Guilty former Navy instructor organises rematch of 1972 school game

Fifty years of hurt! Guilt-ridden former Navy instructor, 60, organises rematch of 1972 schoolboy game after old pal tells him his crucial goal was actually a foul

  •  Graeme Jones equalised in the final seconds of a school match 50 years ago
  •  Mr Jones, now 60, controversially shoved the keeper with the ball over the line
  •  He decided to ‘put right a wrong’ by organising a rematch with the same line-ups
  •  Karma came back to bite as his side fell to a stunning 6-2 defeat to their rivals

When Graeme Jones scored a vital goal for his school 50 years ago, he celebrated as only a football mad ten-year-old would.

Little did he know, players on the other side have borne a grudge against him ever since – because the goal that deprived them of a win was a foul.

Now Mr Jones, 60, has finally ‘put right a wrong’ by organising a rematch with exactly the same line-up as the one in September 1972 when – in the final seconds – he shoved the keeper with the ball yards over the goal line to earn a ‘dubious’ draw.

Mr Jones spent 18 months assembling the teams from his school, Gayton Primary, and St Peter’s CofE in the Wirral for the rematch, which took place on Saturday.

But it seems karma came back to bite – because his team fell to a stunning 6-2 defeat to their rivals.

Though Mr Jones, a former Royal Navy training instructor, was disappointed with the result, he said he could now put his ‘demons to bed’.

Graeme Jones spent 18 months arranging a football rematch because he wanted to ‘put a right wrong’ after controversially pushing the goalkeeper over the line to earn his side a draw in 1972

The former Navy instructor (pictured back right) found out that the other side had borne a grudge all this time over the manner of the goal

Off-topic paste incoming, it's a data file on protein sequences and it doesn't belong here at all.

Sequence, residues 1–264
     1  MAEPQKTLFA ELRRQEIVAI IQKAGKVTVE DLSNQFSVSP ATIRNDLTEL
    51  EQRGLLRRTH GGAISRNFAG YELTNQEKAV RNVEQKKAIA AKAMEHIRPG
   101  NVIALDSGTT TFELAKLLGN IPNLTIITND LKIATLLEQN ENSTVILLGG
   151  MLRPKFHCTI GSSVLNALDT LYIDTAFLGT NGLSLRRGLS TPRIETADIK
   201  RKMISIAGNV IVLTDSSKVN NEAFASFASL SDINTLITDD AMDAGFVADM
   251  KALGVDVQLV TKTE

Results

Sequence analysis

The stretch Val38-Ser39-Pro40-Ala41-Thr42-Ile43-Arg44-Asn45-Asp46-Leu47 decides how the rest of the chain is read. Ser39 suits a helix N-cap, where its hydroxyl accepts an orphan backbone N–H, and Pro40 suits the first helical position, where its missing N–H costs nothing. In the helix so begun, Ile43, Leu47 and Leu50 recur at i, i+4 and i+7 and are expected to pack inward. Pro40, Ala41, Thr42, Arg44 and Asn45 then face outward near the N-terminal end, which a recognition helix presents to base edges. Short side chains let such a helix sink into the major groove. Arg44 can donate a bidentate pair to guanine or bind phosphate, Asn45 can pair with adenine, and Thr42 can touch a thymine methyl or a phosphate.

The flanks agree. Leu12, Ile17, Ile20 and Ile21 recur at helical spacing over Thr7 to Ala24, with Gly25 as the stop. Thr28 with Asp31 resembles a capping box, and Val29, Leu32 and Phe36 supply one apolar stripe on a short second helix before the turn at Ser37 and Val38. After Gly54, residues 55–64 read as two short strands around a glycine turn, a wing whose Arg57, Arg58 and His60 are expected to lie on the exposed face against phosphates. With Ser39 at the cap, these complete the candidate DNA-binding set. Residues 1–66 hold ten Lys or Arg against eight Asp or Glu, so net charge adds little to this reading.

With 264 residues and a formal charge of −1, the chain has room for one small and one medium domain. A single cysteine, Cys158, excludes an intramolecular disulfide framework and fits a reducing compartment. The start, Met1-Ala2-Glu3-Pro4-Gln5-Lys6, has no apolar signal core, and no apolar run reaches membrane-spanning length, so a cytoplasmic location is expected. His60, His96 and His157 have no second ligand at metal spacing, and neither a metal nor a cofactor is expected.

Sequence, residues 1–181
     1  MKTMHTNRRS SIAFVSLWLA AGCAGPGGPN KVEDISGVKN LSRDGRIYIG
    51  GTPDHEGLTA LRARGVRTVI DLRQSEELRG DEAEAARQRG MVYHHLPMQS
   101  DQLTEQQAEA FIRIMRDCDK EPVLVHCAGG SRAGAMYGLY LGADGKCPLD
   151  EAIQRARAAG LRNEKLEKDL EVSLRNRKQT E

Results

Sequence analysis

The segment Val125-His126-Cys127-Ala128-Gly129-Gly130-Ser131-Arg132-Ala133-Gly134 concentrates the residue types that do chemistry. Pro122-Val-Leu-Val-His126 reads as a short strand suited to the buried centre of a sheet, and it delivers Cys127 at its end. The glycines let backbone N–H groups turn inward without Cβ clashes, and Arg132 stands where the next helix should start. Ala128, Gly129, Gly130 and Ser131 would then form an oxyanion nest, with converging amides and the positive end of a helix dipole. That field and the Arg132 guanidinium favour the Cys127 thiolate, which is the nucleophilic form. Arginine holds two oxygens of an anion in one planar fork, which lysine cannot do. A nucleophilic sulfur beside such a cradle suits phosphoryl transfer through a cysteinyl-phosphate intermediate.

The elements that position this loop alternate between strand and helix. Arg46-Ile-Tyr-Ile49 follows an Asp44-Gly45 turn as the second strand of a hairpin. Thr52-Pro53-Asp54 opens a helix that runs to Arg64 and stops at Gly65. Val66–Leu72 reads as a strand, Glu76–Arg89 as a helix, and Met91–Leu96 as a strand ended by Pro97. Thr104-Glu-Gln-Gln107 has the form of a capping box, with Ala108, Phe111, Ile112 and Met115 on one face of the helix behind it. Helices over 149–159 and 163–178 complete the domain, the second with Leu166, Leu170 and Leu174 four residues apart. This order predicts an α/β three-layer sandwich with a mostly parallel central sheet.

50 years on, the Gayton Primary eleven came back together to recreate the game and the photo, with Mr Jones pictured back right again

‘We got stuffed because they had to bring on a couple of ringers,’ he said.

‘But my conscience is clear now, and we would have still lost regardless.’

Mr Jones came up with the idea for the match during lockdown in 2020 after finding a cutting of a photograph of his old squad.

Mr Jones even managed to contact his old PE teacher, Alan Jones, who awarded his team their controversial equaliser

When he shared the idea with his neighbour Craig Allen, who scored the opposition’s only goal in the 1972 game, he was shocked to find there was bad blood. 

‘He told me, “I remember that game, and I’ve never forgiven you. You shoved the goalkeeper about ten feet behind the line in the corner in the dying minute, and your school PE teacher gave the goal.”’

Mr Jones added: ‘I was a centre half back in the day, and I just came up and bulldozed my way through.’

Over months, Mr Jones tracked down the original players, and posed with them in a recreation of the team photo on Saturday. He said: ‘I had to bully a few people into doing it. The opposition got a team together, but I gave them some leeway on their side in terms of age.’

He even managed to contact his old PE teacher, Alan Jones, who awarded his team their controversial equaliser. Now in his mid-80s, he was given the honour of observing the coin toss ahead of the game.

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